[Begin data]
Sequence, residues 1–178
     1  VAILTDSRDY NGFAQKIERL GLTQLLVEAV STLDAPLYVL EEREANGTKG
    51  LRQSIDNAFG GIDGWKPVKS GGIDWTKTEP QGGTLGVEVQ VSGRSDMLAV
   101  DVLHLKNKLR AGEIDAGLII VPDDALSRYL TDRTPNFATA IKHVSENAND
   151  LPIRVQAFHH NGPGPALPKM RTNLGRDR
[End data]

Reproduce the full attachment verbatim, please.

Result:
Sequence, residues 1–178
     1  VAILTDSRDY NGFAQKIERL GLTQLLVEAV STLDAPLYVL EEREANGTKG
    51  LRQSIDNAFG GIDGWKPVKS GGIDWTKTEP QGGTLGVEVQ VSGRSDMLAV
   101  DVLHLKNKLR AGEIDAGLII VPDDALSRYL TDRTPNFATA IKHVSENAND
   151  LPIRVQAFHH NGPGPALPKM RTNLGRDR